By Larraine Roulston:
October marks the celebration ofWaste Reduction Week in Canada (WRW). This year the event falls from October 15 to 21. The UK will host European Week for Waste Reduction (EWWR) during November, from the 17th to the 25th. Annual events promote building environmental awareness around issues of sustainable and responsible consumption.
The week is set aside to educate and engage citizens with activities that demonstrate methods to reduce waste. These are Canada’s special theme days:
Monday kicks off festivities with information regarding the “Circular Economy.”Historically, products have been designed for convenience, with little or no thought to the amount of waste generated. The extraction of raw materials used for a short duration is the concept of a “Linear Economy.” The solution to creating zero waste in the circular economy is to manufacture products so that resources are reused and reinvested. Quality items should be purchased with the intent of being reused, refurbished or dismantled.
Tuesday focuses on Textiles. Fast Fact: “The average person discards 37 kilograms of textiles each year, 95% of which could be reused or recycled.”Due to global rise of clothing production, textile waste has increased dramatically. To avoid clothes from being discarded, secondary schools In Ontario and British Columbia have been organizing in-school collection drives for used clothing. The school that collects the most textiles per student during the “I Give A Shirt Challenge” is awarded prize money.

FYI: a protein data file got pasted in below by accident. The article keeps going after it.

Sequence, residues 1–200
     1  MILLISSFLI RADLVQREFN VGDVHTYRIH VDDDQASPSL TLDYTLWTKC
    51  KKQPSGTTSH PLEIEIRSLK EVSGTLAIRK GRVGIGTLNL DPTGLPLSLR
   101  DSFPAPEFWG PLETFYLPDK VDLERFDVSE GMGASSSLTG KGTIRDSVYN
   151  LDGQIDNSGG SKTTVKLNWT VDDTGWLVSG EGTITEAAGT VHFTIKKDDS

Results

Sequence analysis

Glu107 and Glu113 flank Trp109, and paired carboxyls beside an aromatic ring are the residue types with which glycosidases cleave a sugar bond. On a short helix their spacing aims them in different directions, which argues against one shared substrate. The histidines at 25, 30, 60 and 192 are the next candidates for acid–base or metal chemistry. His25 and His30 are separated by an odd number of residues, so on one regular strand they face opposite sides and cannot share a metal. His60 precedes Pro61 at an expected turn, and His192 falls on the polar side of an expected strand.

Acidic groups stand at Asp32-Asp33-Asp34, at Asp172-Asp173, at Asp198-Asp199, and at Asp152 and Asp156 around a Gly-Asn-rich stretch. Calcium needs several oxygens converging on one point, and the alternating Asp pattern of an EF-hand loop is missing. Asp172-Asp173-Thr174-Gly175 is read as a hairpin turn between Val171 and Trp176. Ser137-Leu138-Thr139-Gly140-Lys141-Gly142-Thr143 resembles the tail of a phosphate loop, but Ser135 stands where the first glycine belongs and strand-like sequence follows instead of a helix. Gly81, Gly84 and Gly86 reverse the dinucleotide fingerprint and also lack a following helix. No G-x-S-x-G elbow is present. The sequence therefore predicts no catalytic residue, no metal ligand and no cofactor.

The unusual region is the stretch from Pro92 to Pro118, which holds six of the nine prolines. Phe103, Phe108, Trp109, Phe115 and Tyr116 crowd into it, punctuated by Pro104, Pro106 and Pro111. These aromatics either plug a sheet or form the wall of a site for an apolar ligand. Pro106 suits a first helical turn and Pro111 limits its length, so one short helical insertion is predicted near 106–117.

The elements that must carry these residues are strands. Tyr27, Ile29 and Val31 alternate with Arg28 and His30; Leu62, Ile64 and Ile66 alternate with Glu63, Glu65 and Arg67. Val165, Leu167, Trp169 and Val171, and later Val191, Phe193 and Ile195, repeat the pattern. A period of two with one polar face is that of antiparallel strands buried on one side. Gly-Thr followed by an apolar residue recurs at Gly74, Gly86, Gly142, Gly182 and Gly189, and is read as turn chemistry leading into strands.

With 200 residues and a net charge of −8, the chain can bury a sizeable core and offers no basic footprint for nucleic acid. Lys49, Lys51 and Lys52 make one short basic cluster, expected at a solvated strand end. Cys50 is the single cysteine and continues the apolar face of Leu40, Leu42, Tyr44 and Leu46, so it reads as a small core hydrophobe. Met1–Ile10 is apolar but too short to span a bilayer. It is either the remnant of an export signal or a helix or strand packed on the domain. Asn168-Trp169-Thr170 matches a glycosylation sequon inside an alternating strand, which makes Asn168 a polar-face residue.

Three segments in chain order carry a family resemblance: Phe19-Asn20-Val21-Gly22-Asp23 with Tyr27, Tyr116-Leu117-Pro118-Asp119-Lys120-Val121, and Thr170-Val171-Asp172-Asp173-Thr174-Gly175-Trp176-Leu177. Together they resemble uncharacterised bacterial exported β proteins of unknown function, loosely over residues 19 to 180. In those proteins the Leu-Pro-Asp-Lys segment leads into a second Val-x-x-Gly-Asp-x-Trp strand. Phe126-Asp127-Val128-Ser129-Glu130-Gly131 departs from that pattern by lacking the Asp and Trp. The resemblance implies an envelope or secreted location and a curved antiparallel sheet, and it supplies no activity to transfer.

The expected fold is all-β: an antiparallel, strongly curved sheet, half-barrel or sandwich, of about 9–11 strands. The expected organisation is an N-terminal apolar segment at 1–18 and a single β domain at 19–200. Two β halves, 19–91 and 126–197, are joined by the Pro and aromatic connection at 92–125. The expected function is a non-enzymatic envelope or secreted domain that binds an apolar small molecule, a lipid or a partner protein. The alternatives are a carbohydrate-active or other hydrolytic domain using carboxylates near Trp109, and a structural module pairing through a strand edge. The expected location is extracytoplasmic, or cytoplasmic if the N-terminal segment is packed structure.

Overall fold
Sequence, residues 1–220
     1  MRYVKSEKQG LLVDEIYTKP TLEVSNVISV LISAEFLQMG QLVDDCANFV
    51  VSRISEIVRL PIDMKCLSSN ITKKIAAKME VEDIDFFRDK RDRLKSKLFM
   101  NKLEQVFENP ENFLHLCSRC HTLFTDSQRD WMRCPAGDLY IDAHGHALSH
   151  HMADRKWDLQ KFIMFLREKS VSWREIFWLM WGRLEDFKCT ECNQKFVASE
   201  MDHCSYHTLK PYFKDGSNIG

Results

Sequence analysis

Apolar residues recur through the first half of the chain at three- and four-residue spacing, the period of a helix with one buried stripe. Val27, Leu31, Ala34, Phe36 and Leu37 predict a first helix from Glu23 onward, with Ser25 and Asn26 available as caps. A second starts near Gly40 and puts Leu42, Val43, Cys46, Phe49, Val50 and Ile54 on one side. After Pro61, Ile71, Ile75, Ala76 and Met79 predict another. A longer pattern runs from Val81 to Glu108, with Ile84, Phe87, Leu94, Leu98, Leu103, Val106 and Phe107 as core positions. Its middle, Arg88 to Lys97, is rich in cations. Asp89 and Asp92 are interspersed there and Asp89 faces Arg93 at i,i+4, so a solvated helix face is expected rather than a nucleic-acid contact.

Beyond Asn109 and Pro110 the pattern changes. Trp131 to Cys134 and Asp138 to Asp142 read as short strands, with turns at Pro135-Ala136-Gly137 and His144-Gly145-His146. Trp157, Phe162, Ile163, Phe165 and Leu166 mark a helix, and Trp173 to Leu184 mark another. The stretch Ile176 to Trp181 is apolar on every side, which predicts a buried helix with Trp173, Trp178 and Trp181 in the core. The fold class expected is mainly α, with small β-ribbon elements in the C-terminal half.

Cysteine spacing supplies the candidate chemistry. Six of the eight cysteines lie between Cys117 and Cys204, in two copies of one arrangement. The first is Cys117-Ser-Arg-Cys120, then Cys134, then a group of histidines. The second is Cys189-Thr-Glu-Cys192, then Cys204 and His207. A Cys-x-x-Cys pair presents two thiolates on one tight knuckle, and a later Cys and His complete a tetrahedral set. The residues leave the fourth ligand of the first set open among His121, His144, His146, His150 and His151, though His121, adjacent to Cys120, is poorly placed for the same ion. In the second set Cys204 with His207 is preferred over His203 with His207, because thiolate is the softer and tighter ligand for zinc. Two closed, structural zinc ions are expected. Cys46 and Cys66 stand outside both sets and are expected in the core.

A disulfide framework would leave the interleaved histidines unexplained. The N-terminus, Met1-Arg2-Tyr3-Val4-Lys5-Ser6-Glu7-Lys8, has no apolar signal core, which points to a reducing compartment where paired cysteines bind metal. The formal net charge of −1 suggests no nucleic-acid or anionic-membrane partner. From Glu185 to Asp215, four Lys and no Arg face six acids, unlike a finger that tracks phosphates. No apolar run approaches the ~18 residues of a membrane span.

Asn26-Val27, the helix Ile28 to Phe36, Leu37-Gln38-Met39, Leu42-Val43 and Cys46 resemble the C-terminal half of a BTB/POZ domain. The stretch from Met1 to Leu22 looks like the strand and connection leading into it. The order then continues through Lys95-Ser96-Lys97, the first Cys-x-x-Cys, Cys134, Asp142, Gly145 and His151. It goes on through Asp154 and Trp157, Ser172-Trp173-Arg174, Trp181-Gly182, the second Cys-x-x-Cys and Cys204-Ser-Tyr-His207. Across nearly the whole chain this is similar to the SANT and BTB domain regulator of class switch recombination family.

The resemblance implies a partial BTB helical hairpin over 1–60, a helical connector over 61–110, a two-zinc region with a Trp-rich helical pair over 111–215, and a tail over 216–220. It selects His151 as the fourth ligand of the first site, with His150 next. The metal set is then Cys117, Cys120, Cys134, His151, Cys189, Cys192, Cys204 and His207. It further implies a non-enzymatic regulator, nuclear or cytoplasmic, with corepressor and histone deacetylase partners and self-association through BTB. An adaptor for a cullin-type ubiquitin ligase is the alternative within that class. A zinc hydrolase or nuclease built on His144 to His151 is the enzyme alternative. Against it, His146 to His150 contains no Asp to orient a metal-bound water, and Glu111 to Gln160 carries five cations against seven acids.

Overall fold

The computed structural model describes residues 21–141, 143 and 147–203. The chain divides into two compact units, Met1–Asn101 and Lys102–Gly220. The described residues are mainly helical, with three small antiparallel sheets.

Wednesday is set aside to celebrate the champions and innovators who are disrupting the traditional “business as usual” mindset of disposable products in favor of shifting the focus towards the reuse of valuable resources.
Plastics Thursday highlights how we can become more resource efficient in order to reduce the volume of plastics being manufactured and discarded. It has been estimated that since the 1950s, 8.3 billion tons of plastic have been generated worldwide; only 23% of those plastics have been recovered or recycled.
Food Waste Friday challenges communities, institutions and businesses to reduce the amount of food entering landfill sites. Individuals can accomplish this by embracing leftovers, storing fruits and vegetables so they will last longer, planning meals efficiently, making grocery lists, being aware of expiration dates, and taking along a container to package what you might not be able to consume while eating out.
Saturday is Swap, Share, Repair Day when residents set out a “Free 2 You” collection of items for others to gather. Support your local consignment and thrift stores with your donations and purchases. The Habitat for Humanity Restores are excellent places to find building supplies and furniture. The “Right to Repair” legislation has now been introduced in 17 U.S. states. Refurbishing and revamping — also a great way to extend the life of products.
Sunday confronts E-Waste.The United Nations reported that an estimated 50 million tons of e-waste are generated annually. Our computers, mobile phones, as well as everyday household electronics compose one of the fastest growing waste streams in the world. All pose a threat to our environment if they are not recycled.
Europeans still have several weeks to gear up and engage in their EWWR waste reduction events. Let’s focus on making every week Waste Reduction Week.